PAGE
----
Over the past four decades, September has been the best time for gold in terms of its month-over-month price appreciation. You can see this on the chart below – in a typical year, the price of gold in September rises 2.5 percent above its August price.
The gold price has risen in 16 of the 20 Septembers since 1989, by far the best success ratio of any month of the year.
What accounts for this predictable trend?
September kicks off several of the planet’s most potent gold-demand drivers:
- The post-monsoon wedding season in India and Diwali, one of the country’s most important festivals;
- Restocking by jewelry makers in advance of the Christmas shopping season in the United States;
- The holy month of Ramadan in the Muslim world, whose end in late September is marked by a period of celebration and gift-giving;
- And in China, the week-long National Day celebration starting October 1 and the run-up to the Chinese New Year in early 2010.
This could be a challenging September in India, the world’s largest gold consumer. The economic slowdown and gold prices near record highs drove jewelry demand down 31 percent in the second quarter compared to the same period in 2008.
On the other hand, the World Gold Council says India’s bank deposits saw 22 percent year-over-year growth in the second quarter of 2009, so cash is available to be spent if the rupee price for gold weakens even slightly. The WGC also expects the wedding and Diwali season to “underpin a seasonal improvement over the remainder of 2009.”
China, the world’s #2 gold market, actually saw a year-over-year gold demand increase of 6 percent in the latest quarter, with buyers favoring 24-carat gold jewelry for its quality and as a store of value. The WGC says that trend toward the purer form of gold should continue, though the third quarter is usually the low season for this segment of the market.
While September is a good month for gold, it is historically a great month for gold stocks as measured by the NYSE Arca Gold Miners Index (ticker GDM), as seen in the chart above. The GDM index comprises a broader collection of gold miners – including more smaller-cap companies – than either the NYSE Arca Gold Bugs Index (HUI) or the Philadelphia Stock Exchange Gold and Silver Index (XAU).
After the typically soft months of June and July, the gold miners start to bounce back with a 2 percent bump in August before shooting up another 8 percent in September. Since 1993, when it was created, the GDM has been up 11 times in September and down just five times.
In September 1998, the GDM had by far its best-ever month (up 54.3 percent) when the bullion was bouncing off a two-decade low price of less than $275 per ounce. A decade later in September 2008, however, amid the severe credit squeeze triggered by the global financial crisis, the GDM fell 10.2 percent.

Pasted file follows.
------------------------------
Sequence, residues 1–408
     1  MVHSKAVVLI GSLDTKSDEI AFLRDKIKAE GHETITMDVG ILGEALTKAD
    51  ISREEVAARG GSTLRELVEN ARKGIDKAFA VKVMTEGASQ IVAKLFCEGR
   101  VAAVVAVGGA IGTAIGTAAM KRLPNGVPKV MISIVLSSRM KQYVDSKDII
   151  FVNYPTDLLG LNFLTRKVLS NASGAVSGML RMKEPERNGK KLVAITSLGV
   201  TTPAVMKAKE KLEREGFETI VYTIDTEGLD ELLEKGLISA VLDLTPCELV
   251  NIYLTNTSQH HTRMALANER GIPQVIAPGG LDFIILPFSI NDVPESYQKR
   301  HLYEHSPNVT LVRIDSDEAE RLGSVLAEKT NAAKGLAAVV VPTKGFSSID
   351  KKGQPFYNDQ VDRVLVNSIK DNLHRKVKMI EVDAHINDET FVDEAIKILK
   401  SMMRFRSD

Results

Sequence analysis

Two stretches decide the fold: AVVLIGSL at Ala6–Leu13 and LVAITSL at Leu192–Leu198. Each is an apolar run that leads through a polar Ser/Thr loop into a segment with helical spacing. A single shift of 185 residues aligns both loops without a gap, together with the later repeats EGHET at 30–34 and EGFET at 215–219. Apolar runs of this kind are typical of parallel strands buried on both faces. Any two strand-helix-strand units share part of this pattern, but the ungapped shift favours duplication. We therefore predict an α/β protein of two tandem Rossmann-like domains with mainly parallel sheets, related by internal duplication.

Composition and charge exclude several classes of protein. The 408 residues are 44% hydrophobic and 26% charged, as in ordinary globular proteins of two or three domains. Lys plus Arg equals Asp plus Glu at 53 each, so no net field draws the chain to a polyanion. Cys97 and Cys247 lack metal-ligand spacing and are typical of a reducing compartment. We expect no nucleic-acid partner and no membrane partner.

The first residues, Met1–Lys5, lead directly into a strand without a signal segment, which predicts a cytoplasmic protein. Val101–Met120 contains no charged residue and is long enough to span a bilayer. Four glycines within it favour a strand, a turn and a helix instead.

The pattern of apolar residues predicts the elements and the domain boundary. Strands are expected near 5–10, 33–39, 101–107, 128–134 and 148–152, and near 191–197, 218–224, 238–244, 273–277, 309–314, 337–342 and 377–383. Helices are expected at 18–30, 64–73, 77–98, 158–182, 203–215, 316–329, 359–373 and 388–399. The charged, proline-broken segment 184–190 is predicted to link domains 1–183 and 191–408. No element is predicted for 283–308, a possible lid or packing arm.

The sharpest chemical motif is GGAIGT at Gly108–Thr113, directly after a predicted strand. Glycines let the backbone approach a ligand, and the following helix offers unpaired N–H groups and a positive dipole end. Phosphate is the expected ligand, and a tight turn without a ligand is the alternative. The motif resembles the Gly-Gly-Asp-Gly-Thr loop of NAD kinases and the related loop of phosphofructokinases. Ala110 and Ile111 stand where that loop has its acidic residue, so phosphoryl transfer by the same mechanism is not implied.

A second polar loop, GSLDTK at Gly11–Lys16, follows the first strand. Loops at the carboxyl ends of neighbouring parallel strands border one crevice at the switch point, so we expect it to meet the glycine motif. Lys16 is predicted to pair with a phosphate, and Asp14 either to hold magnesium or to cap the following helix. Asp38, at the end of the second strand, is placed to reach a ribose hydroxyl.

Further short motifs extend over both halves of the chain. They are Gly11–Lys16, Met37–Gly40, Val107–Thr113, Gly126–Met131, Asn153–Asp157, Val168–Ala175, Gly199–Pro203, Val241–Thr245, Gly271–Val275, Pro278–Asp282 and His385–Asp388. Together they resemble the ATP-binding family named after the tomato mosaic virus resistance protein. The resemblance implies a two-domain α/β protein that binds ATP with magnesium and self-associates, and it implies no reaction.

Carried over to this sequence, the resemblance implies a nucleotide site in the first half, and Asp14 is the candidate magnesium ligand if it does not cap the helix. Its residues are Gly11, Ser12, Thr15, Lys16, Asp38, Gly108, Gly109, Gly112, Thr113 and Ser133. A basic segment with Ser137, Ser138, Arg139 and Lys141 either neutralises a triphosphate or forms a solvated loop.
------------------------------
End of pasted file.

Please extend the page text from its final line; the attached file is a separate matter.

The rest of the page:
The strong correlation between the gold price and the value of gold- mining stocks explains much of the average September jump for gold stocks. But the relationship is not lock-step – gold stocks (particularly for companies that do not hedge their production) have historically offered leverage to the gold price. In up markets, earnings growth has tended to exceed the increase in gold price. Of course, the leverage also works in the opposite direction – gold stocks also tend to decline more when the price of bullion is falling.
One of the most consistent correlations for gold is its inverse relationship with the US dollar – when gold is up, the dollar tends to be down, and vice versa. Looking at weekly data going back 20 years, this relationship occurs nearly 70 percent of the time.
The seasonality chart above shows that September is only second to December in terms of dollar weakness, the average result for the US Trade Weighted Dollar Index (DXY) being a 0.66 percent decline from August. Looking at the 39 Septembers going back to 1970, the dollar has seen negative performance 26 times, more than any other month of the year.
The Federal Reserve’s massive stimulus spending and the expectation that the current low-interest-rate environment will continue for many more months are additional headwinds for the dollar, and thus tend to be positive for gold.
In our June commentary “Why the Time Could Be Right for Gold Stocks,” we pointed out that gold stocks tend to outperform the overall stock market when the federal government is engaged in deficit spending. This year’s federal deficit is expected to be a record $1.6 trillion, and the White House projected this week that the deficit will grow another $9 trillion between 2010 and 2019. These huge deficits will fan inflation fears and keep downward pressure on the dollar.
Based on the long-term record, this may represent a good time for investors who want to establish or add to a gold or gold-stock position in advance of seasonal demand growth. The guidance provided by historical patterns may improve the chances for investment success, but of course, there are no guarantees that this September will follow the well-established trend.
for The Daily Reckoning Australia